08/09/2019 | Press release | Distributed by Public on 08/09/2019 10:36
Washington, D.C. -Today, Congressman Don Young announced over $1.7 million in grants from the National Oceanic and Atmospheric Administration (NOAA) under the Species Recovery Grants to States Program. The Species Recovery Grants to States Program is designed to support management, research, and outreach campaigns for the conservation of wildlife on the Endangered Species List. Congressman Young voted in support of funding for the Species Recovery Grants to States Program as part of the Consolidated Appropriations Act Of 2019.
'I would like to congratulate the Alaska Department of Fish and Game for the three grants they've been awarded from NOAA to study Steller sea lions and beluga whales,' said Congressman Don Young. 'The Alaska Department of Fish and Game does important work on behalf of Alaska's unique ecosystems, and I have no doubt that this funding will go a long way to help better guide management practices for the western distinct population segment of the species range. The funding will not only help us better understand foraging ecology and habitat disturbances, but will also assist the Department of Fish and Game in the development of a long-term strategy for population recovery. I recognize how important Alaska's diverse wildlife population is to our culture and way of life. In Congress, I will continue supporting efforts to ensure future generations of Alaskans can observe and learn about these great wild animals for years to come.'
Courtesy of NOAA, grant information is as follows:
Alaska Department of Fish & Game: Habitat Use of Adult Female Steller Sea Lions in the Endangered Western Distinct Population Segment
Total Award: $443,579 (3-year award)
2019 Partial Release Amount: $199,815 (2nd year)
The goal of this proposed research is to provide updated, fine-scale, understanding of adult female Steller sea lion (Eumetopias jubatus) foraging habitat, and to determine the environmental factors influencing the timing and location of foraging behavior, thus providing better information to meet management needs in a large portion of the endangered western DPS of Steller sea lion range.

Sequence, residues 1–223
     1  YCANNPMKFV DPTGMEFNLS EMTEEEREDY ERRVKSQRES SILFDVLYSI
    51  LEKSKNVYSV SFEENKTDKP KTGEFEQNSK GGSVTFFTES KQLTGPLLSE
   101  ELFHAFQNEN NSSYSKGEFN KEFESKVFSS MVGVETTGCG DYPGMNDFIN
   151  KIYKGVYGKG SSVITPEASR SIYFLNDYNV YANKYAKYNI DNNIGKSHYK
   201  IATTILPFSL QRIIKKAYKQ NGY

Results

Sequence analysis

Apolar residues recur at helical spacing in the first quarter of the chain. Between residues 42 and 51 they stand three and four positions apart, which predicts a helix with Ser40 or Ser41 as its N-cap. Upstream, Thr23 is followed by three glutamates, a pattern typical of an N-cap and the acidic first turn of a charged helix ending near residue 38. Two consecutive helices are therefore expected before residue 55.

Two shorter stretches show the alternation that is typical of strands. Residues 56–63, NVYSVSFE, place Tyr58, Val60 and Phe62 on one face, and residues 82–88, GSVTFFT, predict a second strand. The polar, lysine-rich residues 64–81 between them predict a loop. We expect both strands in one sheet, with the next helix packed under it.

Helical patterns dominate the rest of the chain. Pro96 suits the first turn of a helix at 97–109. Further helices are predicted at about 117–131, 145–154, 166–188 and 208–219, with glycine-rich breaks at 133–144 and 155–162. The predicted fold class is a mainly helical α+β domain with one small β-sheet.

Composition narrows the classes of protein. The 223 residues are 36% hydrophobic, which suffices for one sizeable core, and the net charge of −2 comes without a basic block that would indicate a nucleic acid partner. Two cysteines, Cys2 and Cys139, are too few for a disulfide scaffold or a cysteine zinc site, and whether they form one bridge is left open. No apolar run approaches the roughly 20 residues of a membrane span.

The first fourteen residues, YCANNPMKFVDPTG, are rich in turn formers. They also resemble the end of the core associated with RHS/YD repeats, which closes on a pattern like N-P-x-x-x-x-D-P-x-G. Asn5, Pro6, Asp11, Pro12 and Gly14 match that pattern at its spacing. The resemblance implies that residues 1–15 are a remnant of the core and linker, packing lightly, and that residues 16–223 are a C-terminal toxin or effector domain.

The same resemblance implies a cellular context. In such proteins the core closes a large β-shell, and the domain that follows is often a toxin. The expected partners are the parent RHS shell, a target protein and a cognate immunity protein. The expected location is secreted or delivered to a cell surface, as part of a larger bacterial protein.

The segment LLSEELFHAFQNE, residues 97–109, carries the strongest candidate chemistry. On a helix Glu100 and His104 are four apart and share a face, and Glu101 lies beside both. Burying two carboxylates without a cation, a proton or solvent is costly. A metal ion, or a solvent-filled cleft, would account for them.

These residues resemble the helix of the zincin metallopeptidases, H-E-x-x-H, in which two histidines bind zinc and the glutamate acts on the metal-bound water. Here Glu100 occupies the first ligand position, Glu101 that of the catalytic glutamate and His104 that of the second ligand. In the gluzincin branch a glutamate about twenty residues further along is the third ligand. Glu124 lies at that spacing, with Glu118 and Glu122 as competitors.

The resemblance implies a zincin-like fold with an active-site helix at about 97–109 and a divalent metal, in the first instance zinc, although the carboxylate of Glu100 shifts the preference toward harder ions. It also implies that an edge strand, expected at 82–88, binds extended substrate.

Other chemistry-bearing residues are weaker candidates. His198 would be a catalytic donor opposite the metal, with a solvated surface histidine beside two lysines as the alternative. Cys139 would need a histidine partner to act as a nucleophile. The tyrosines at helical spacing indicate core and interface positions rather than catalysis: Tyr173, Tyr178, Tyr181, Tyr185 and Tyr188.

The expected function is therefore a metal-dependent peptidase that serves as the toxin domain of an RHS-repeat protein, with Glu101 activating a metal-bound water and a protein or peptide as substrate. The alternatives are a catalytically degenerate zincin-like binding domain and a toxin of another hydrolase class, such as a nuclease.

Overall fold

Alaska Department of Fish and Game: Foraging ecology and habitat use of Cook Inlet Beluga whales
Total Award: $850,641 (3-year award)
2019 Partial Release Amount: $186,264 (3rd year)
The project aims to enhance and strengthen Cook Inlet Beluga (CIB) conservation and management strategies, and thus more effectively promote recovery of this endangered species. In general, the objectives of the project include the following: (a) obtaining current information on year-round CIB spatial foraging ecology and habitat use and evaluating how those life-history characteristics may have changed over the last ~50 years; (b) obtaining information on how disturbance from anthropogenic noise may cause spatial displacement of CIBs (including from important foraging areas) and a reduction in foraging behavior; and (c) assessing how growth layer groups in teeth may provide information on how CIB growth and body condition may have changed over the last ~50 years.
Alaska Department of Fish and Game: Estimating vital rates for endangered Cook Inlet Beluga whales from individual-based data
Total Award: $409,802 (3-year award)
2019 Partial Release Amount: $126,265 (3rd year; funded by AKRO)
The purpose of this proposal is to strengthen estimation of CIB vital rates (reproduction and survival) by developing an individual-based population model using available individual-level data from four sources: 1) photo-identification, 2) necropsies of beach-cast carcasses, 3) satellite tagging data, and 4) Bristol Bay beluga DNA. The individual-based population model would provide a preliminary assessment of whether vital rates (including levels of precision) can be estimated from the four sources of information and will allow for an assessment of new sources of individual-based data necessary to improve estimates of vital rates. Overall, this work will
help address the gaps in current understanding in basic CIB biology and ultimately help determine what factors are preventing recovery of this endangered population.